Washington: Pilots who fly at high altitudes may be at an increased risk of developing brain lesions, a new study claims.
Pilots who fly at altitudes above 18,000 feet are typically exposed to a type of illness called "decompression sickness" that results from quick changes in environmental pressure, researchers said.
For the study, 102 U-2 US Air Force pilots and 91 non-pilots between the ages of 26 and 50 underwent MRI brain scans.
The scans measured the amount of white matter hyper-intensities, or tiny brain lesions associated with memory decline in other neurological diseases. The groups were matched for age, education and health factors.
"Pilots who fly at altitudes above 18,000 feet are at risk for decompression sickness, a condition where gas or atmospheric pressure reaches lower levels than those within body tissues and forms bubbles," said study author Stephen McGuire, with the University of Texas in San Antonio, and the US Air Force School of Aerospace Medicine.
"The risk for decompression sickness among Air Force pilots has tripled from 2006, probably due to more frequent and longer periods of exposure for pilots. To date however, we have been unable to demonstrate any permanent clinical neurocognitive or memory decline," said McGuire.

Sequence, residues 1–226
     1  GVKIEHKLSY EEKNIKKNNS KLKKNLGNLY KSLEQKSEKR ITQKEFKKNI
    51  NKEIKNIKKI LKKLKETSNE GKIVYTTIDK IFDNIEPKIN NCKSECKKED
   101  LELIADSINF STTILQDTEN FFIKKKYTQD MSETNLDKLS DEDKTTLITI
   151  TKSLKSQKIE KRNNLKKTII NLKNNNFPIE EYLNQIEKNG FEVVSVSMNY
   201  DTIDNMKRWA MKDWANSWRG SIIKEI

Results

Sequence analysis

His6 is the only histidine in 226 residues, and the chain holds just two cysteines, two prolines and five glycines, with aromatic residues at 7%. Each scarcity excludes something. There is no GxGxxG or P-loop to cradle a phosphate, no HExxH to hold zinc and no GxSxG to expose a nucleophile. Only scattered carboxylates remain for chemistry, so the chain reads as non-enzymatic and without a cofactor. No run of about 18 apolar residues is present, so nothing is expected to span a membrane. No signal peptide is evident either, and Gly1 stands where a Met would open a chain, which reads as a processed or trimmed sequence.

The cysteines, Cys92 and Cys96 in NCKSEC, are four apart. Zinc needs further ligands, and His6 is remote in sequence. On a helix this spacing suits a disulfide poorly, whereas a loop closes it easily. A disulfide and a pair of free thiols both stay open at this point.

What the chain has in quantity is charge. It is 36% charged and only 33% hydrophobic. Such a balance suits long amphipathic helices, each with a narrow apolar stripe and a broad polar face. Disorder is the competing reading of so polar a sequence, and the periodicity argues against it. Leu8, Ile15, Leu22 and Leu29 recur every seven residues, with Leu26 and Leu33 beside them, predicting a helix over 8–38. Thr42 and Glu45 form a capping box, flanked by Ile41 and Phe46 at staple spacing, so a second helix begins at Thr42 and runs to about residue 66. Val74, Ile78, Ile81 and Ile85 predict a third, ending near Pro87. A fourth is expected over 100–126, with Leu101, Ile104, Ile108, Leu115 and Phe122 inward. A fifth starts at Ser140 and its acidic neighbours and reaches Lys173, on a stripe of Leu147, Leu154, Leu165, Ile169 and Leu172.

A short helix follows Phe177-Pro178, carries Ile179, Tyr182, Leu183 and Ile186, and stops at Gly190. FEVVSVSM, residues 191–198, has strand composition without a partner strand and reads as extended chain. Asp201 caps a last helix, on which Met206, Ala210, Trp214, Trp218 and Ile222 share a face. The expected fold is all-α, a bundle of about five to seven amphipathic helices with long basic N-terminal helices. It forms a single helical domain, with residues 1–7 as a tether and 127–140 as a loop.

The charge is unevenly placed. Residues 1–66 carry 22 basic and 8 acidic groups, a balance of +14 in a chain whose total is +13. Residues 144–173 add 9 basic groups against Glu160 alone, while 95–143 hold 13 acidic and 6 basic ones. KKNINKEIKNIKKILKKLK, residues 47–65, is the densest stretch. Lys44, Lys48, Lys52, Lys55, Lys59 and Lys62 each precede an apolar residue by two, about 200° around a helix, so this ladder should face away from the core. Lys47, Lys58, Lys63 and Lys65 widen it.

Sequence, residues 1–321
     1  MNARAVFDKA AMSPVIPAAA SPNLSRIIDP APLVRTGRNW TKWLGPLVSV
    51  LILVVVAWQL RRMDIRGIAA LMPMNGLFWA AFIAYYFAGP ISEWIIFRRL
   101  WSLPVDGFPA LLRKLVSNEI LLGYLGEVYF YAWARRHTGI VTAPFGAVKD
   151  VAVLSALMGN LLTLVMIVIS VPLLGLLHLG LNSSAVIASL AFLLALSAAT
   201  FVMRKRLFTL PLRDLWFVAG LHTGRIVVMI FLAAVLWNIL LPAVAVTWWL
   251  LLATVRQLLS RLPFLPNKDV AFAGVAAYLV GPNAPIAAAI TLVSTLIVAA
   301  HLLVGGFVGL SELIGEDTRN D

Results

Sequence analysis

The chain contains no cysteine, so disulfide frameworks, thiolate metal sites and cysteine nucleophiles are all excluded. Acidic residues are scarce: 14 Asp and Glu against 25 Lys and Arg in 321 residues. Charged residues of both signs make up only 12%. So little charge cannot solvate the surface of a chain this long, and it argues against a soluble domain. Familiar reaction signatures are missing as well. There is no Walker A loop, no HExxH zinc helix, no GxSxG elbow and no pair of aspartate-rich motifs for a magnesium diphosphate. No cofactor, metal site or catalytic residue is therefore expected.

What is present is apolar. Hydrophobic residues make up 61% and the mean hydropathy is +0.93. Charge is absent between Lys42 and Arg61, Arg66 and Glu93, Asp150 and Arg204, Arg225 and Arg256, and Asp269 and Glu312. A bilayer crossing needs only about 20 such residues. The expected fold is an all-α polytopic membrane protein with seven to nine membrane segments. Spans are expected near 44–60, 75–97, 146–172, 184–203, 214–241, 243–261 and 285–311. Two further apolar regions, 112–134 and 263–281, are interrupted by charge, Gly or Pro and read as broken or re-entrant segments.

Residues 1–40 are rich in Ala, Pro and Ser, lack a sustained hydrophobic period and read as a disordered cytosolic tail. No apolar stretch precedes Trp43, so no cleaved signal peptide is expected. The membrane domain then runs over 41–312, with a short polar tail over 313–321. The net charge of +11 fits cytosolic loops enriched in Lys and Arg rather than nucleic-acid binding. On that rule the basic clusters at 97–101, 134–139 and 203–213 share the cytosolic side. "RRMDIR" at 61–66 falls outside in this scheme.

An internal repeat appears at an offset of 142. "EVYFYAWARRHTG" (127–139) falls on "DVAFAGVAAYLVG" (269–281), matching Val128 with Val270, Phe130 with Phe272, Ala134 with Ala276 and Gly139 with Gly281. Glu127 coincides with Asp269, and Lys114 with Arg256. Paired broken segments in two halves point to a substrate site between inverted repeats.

Symptoms affecting the brain that sometimes accompany decompression sickness include slowed thought processes, confusion, unresponsiveness and permanent memory loss.
The study found that pilots had nearly four times the volume and three times the number of brain lesions as non-pilots. The results were the same whether or not the pilots had a history of symptoms of decompression sickness.
The research also found that while the lesions in non-pilots were mainly found in the frontal white matter, asoccurs in normal ageing, lesions in the pilots were evenly distributed throughout the brain.
"These results may be valuable in assessing risk for occupations that include high-altitude mountain climbing, deep sea diving and high-altitude flying," McGuire said.
The study was published in the journal Neurology.